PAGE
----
Inspired by their success in language tasks, existing research has leveraged LLMs in embodied instruction following and task planning.
no code implementations • 9 Aug 2023 • Hangjie Shi, Leslie Ball, Govind Thattai, Desheng Zhang, Lucy Hu, Qiaozi Gao, Suhaila Shakiah, Xiaofeng Gao, Aishwarya Padmakumar, Bofei Yang, Cadence Chung, Dinakar Guthy, Gaurav Sukhatme, Karthika Arumugam, Matthew Wen, Osman Ipek, Patrick Lange, Rohan Khanna, Shreyas Pansare, Vasu Sharma, Chao Zhang, Cris Flagg, Daniel Pressel, Lavina Vaz, Luke Dai, Prasoon Goyal, Sattvik Sahai, Shaohua Liu, Yao Lu, Anna Gottardi, Shui Hu, Yang Liu, Dilek Hakkani-Tur, Kate Bland, Heather Rocker, James Jeun, Yadunandana Rao, Michael Johnston, Akshaya Iyengar, Arindam Mandal, Prem Natarajan, Reza Ghanadan
The Alexa Prize program has empowered numerous university students to explore, experiment, and showcase their talents in building conversational agents through challenges like the SocialBot Grand Challenge and the TaskBot Challenge.
Offline reinforcement learning (RL) methods strike a balance between exploration and exploitation by conservative value estimation -- penalizing values of unseen states and actions.
We introduce a benchmark for LanguagE-Conditioned Multi-robot MAnipulation (LEMMA) focused on task allocation and long-horizon object manipulation based on human language instructions in a tabletop setting.
For service robots to become general-purpose in everyday household environments, they need not only a large library of primitive skills, but also the ability to quickly learn novel tasks specified by users.
We introduce OPEND, a benchmark for learning how to use a hand to open cabinet doors or drawers in a photo-realistic and physics-reliable simulation environment driven by language instruction.
We propose a multimodal (vision-and-language) benchmark for cooperative and heterogeneous multi-agent learning.
Our proposed method allows a single transformer model to directly walk on a large-scale knowledge graph to generate responses.
Language-guided Embodied AI benchmarks requiring an agent to navigate an environment and manipulate objects typically allow one-way communication: the human user gives a natural language command to the agent, and the agent can only follow the command passively.
With the proposed Affordance-aware Multimodal Neural SLAM (AMSLAM) approach, we obtain more than 40% improvement over prior published work on the ALFRED benchmark and set a new state-of-the-art generalization performance at a success rate of 23. 48% on the test unseen scenes.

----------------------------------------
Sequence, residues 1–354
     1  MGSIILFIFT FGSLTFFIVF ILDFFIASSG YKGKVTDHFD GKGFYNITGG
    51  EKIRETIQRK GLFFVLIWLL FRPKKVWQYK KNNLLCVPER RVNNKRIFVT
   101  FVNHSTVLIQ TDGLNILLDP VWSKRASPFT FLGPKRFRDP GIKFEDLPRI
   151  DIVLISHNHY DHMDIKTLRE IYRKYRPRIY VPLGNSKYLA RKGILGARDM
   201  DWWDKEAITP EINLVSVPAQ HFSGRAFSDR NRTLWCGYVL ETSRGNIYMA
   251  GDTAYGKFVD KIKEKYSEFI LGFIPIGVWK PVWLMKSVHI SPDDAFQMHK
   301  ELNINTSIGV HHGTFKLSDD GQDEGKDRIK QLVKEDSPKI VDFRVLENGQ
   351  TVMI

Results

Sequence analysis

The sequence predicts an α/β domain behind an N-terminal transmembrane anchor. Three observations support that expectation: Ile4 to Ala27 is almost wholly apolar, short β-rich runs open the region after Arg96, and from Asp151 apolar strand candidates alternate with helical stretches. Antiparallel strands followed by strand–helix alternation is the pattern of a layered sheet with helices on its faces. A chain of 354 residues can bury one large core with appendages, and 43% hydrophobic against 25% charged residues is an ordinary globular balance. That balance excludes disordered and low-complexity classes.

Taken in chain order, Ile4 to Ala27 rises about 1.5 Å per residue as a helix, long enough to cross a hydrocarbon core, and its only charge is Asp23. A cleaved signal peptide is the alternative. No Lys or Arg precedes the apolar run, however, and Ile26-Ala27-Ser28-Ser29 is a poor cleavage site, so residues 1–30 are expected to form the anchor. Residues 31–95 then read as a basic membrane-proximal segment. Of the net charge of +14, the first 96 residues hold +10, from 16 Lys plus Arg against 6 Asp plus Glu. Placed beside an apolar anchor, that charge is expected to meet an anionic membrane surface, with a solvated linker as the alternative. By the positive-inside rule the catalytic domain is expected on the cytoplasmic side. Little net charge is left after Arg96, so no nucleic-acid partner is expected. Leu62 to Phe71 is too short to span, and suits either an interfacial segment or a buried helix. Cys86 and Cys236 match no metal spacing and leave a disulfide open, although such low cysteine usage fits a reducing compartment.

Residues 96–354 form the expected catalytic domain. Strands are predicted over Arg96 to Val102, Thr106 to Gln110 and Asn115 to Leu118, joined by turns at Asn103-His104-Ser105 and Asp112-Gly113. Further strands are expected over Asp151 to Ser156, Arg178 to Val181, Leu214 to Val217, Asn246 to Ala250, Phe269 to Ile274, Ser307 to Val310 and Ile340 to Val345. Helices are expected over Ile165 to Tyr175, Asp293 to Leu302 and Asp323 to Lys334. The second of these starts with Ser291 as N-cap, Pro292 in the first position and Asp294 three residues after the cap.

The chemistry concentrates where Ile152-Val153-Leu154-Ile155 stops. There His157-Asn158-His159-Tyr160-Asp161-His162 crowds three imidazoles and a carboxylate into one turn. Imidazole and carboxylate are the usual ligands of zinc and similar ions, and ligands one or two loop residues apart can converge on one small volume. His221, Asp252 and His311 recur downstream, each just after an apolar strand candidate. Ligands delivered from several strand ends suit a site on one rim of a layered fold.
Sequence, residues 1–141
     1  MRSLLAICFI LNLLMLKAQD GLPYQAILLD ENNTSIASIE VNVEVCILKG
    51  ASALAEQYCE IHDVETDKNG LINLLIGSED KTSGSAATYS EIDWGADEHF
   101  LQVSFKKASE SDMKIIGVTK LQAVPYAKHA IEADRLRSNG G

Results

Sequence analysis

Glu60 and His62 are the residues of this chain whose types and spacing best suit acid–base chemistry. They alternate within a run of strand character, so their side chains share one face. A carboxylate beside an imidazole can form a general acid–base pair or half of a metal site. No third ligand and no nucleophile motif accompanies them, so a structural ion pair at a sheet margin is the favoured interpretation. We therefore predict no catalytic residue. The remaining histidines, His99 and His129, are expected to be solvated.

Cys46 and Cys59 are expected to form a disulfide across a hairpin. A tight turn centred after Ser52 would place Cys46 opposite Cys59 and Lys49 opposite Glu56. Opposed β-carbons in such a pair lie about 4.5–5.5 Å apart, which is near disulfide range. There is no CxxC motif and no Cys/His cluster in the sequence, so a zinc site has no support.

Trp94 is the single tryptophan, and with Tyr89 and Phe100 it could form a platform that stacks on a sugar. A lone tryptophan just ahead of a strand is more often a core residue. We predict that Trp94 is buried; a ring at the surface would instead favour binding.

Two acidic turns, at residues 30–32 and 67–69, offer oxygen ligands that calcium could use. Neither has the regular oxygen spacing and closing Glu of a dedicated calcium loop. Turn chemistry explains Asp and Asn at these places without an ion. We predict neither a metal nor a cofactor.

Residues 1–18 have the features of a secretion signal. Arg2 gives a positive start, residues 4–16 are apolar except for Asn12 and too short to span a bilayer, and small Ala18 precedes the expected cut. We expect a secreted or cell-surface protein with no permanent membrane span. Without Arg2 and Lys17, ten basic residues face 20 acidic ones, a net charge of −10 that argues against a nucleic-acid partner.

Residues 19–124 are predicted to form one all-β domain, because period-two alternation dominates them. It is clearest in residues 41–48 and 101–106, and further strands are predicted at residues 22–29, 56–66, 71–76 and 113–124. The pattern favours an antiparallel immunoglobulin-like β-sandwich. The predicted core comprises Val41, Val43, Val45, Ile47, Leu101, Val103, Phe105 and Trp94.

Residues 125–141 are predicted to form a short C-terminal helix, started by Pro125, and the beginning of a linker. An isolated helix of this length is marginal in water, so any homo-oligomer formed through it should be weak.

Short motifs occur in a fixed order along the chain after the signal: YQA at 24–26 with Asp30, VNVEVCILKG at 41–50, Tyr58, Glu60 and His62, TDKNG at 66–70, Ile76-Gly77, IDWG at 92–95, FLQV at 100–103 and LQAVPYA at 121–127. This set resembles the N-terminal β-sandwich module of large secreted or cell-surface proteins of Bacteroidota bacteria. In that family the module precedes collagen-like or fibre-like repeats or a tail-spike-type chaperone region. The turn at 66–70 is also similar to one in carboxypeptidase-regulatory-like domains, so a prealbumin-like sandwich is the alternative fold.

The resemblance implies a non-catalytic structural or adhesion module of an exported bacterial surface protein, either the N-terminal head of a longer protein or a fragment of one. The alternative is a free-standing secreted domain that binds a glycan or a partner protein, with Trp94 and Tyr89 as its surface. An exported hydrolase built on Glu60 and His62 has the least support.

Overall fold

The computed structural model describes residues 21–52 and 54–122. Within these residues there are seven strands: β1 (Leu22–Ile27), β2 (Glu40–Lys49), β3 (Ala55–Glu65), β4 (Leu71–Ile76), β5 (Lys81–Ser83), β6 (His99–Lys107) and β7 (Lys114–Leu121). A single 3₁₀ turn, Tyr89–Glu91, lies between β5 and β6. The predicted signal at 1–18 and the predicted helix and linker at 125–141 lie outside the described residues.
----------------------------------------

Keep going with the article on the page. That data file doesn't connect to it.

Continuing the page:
Language-enabled AI systems can answer complex, multi-hop questions to high accuracy, but supporting answers with evidence is a more challenging task which is important for the transparency and trustworthiness to users.
However, current simulators for Embodied AI (EAI) challenges only provide simulated indoor scenes with a limited number of layouts.
However, evaluations only based on end task performance shed little light on machines' true ability in language understanding and reasoning.
Language-guided robots performing home and office tasks must navigate in and interact with the world.
Embodied instruction following is a challenging problem requiring an agent to infer a sequence of primitive actions to achieve a goal environment state from complex language and visual inputs.
Current conversational AI systems aim to understand a set of pre-designed requests and execute related actions, which limits them to evolve naturally and adapt based on human interactions.
In the NLP community, recent years have seen a surge of research activities that address machines' ability to perform deep language understanding which goes beyond what is explicitly stated in text, rather relying on reasoning and knowledge of the world.
To enable collaboration and communication between humans and agents, this paper investigates learning to acquire commonsense evidence for action justification.
Despite recent advances in knowledge representation, automated reasoning, and machine learning, artificial agents still lack the ability to understand basic action-effect relations regarding the physical world, for example, the action of cutting a cucumber most likely leads to the state where the cucumber is broken apart into smaller pieces.
One significant simplification in most previous work on robot learning is the closed-world assumption where the robot is assumed to know ahead of time a complete set of predicates describing the state of the physical world.